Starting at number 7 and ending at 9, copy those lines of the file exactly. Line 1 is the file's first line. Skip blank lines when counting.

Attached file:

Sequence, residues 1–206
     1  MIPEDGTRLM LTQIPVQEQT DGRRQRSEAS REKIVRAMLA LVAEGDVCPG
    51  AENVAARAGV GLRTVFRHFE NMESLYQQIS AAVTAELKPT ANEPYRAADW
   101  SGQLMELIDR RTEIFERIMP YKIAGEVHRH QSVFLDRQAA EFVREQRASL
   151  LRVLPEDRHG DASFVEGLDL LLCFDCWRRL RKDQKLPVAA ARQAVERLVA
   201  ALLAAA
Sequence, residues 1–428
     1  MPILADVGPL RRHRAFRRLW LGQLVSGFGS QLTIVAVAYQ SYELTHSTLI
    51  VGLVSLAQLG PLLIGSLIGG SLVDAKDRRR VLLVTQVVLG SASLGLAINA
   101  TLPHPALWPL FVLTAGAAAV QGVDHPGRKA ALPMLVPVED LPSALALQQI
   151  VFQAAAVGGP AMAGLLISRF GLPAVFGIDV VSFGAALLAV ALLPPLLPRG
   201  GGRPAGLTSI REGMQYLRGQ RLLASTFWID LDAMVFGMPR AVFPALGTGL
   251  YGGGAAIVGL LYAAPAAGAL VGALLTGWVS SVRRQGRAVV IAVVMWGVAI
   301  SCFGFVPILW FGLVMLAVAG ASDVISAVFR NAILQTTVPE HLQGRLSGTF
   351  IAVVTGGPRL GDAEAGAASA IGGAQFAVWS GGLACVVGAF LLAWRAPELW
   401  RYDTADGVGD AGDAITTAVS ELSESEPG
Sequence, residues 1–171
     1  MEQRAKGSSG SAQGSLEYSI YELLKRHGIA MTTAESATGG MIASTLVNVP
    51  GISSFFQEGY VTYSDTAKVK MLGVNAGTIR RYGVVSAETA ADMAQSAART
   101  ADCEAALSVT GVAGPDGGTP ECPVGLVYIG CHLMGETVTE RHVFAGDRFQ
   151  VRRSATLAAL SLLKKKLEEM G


Sequence, residues 1–428
     1  MPILADVGPL RRHRAFRRLW LGQLVSGFGS QLTIVAVAYQ SYELTHSTLI
    51  VGLVSLAQLG PLLIGSLIGG SLVDAKDRRR VLLVTQVVLG SASLGLAINA